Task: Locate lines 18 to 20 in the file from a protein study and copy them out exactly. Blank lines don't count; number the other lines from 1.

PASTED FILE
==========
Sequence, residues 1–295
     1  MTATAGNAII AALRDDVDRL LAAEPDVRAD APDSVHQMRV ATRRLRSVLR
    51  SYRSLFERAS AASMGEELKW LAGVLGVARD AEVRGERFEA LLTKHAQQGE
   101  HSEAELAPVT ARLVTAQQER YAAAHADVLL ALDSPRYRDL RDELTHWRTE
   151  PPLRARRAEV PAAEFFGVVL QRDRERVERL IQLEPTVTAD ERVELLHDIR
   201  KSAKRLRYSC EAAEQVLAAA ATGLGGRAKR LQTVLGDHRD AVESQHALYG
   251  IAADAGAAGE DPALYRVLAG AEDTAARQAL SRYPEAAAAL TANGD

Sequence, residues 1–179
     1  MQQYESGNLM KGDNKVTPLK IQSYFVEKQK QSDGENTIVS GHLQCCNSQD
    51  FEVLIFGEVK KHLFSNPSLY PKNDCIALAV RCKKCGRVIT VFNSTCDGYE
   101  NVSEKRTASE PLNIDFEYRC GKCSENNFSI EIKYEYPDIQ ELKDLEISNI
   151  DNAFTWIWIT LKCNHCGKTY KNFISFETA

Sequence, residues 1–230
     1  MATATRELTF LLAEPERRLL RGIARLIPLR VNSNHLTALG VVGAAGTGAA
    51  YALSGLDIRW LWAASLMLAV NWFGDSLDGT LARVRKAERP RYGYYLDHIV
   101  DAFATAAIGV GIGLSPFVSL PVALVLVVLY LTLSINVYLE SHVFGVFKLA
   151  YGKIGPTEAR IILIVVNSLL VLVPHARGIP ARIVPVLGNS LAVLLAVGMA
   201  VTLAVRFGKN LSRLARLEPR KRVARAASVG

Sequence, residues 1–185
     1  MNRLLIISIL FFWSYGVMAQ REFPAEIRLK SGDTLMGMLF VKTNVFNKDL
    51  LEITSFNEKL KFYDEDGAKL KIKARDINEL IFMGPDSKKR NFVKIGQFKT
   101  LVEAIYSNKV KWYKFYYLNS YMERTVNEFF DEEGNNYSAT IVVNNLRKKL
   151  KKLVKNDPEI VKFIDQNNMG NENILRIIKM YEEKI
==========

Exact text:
   201  VTLAVRFGKN LSRLARLEPR KRVARAASVG

Sequence, residues 1–185
     1  MNRLLIISIL FFWSYGVMAQ REFPAEIRLK SGDTLMGMLF VKTNVFNKDL